Corradini will not make a third attempt at an emergency stay to block the release of the documents. In fact, she may not appeal Allen's ruling at all, Connaughton said.

"She considers this an important principle. If you run for public office, every aspect of your family life should not be made public. But the decision on whether to appeal and spend more money to establish that principle hasn't been made."

Corradini doesn't think the release of the returns on the day of the primary election will make any difference, Connaughton said. "There is nothing in those documents that's harmful."

Evans and Burdette made it clear they were not auditing the returns. Nor could they determine if the information on the returns is truthful without seeing Corradini's and Ross' financial records.

But the two men explained many aspects of the returns, pointing out some discrepancies between the return and what court records disclosed about the couple's finances.

Ross and Corradini were paying nearly 50 percent of their income in interest payments on their debts, particularly mortgages, according to the returns.

The couple's adjusted gross income was $215,000 for 1990; $188,000 for 1991; and $200,000 for 1992. They paid more than $100,000 in 1990 in debt interest. Their lowest interest payment was $90,000.

The bulk of the interest payments - more than $50,000 a year - was not previously discussed by Corradini. Corradini said Sallah International held the mortgage on her home when she discussed her finances at a 1992 press conference. That note was approximately $230,000, according to court records.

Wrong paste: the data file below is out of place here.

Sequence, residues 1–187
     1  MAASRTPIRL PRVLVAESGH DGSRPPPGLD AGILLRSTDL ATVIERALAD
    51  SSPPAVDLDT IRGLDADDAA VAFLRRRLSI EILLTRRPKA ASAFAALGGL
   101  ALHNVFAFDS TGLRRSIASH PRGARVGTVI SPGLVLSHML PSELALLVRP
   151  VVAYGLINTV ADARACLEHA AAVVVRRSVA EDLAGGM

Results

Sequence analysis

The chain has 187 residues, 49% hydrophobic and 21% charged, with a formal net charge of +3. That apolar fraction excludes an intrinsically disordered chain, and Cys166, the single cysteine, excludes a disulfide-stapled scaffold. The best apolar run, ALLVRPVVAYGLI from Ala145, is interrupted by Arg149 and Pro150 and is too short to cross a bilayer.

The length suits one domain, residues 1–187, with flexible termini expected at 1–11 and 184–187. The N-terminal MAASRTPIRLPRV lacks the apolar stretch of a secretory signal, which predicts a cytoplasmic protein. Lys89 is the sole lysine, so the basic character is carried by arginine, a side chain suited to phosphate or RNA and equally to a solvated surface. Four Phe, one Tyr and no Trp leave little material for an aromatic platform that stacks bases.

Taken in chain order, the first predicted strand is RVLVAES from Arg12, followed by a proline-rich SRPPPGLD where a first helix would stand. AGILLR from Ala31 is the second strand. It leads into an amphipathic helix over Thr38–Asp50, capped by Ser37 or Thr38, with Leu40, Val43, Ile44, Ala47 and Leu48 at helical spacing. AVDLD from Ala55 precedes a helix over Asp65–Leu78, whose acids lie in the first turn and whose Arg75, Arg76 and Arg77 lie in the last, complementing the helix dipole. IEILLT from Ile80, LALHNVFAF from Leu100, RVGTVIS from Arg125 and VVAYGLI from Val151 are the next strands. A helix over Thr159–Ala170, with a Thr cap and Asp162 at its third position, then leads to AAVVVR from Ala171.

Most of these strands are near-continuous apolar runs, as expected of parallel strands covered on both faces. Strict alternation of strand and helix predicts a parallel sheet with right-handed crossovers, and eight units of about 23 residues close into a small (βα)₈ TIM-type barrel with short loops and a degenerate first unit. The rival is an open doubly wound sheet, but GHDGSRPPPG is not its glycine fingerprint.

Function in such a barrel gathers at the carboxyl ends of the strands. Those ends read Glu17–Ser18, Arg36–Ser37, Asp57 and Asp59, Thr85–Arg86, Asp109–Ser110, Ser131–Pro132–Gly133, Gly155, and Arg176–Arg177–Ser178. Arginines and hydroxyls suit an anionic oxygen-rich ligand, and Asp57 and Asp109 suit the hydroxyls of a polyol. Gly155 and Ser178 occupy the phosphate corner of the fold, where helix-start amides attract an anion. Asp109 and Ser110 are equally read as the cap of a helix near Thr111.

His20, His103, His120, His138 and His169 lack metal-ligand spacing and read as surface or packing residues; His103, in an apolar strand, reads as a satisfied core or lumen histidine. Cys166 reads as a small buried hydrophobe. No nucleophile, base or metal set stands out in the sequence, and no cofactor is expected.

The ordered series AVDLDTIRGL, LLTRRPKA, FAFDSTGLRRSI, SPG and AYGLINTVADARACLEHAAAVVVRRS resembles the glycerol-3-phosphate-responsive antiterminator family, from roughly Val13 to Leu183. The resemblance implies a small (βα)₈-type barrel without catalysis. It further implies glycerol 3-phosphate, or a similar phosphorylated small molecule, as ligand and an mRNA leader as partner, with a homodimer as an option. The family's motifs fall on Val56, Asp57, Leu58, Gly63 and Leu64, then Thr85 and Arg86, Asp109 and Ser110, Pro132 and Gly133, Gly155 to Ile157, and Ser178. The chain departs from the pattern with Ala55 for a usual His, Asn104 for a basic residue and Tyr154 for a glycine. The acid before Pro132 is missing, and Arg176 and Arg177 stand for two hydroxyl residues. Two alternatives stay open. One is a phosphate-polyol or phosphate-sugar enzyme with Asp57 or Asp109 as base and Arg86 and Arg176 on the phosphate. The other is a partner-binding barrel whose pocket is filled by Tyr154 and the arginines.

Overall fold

Corradini and Ross paid Sallah $14,900 in interest in 1991 and 1992 on that mortgage.

But the returns identify additional mortgage interest payments of $66,089 in 1990; $52,199 in 1991 and $52,466 in 1992. Those interest payments suggest one or more additional mortgages estimated at approximately $500,000, Burdette figured.

In addition to approximately $67,000 in annual interest payments on residential mortgages, the couple also paid between $16,000 and $36,000 in interest during each of the three years on investments they have borrowed against. The couple's gains from their investments are offset by interest payments on what they borrowed. This means their net income from their investments is virtually zero for each of the three years, Evans and Burdette said.

Based on the mortgage and investment interest payments listed on the tax returns, Burdette estimated the couple's debt at $1.1 million.

The returns also show that Corradini received consulting fees from an unidentified source that were approximately the same amount as the interest payments she made to Sallah. For example, in 1990 she received $13,650 in consulting fees from an unidentified source. In 1991, she paid $14,900 in interest to Sallah.

In 1991, she received from an unidentified source a consulting fee of $14,400 and a director's fee of $600 for a total of $15,000. In 1992, she paid $14,900 in interest payments to Sallah.

She did not receive a consulting fee in 1992. Connaughton said he didn't know what the consulting fee was for or who she received it from.

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ADDITIONAL INFORMATION

Corradini income tax

DISCLOSURE 1990-1992

1992 1991 1990

Adjusted gross income $200,413 $187,506 $214,896

Federal income tax $23,436 $15,575 $15,800

EFFECTIVE FEDERAL TAX RATE 11.7% 8.3% 7.4%

Self employment tax (FICA) $5,329 $4,981 $3,924

State income tax N/A $4,845 $5,243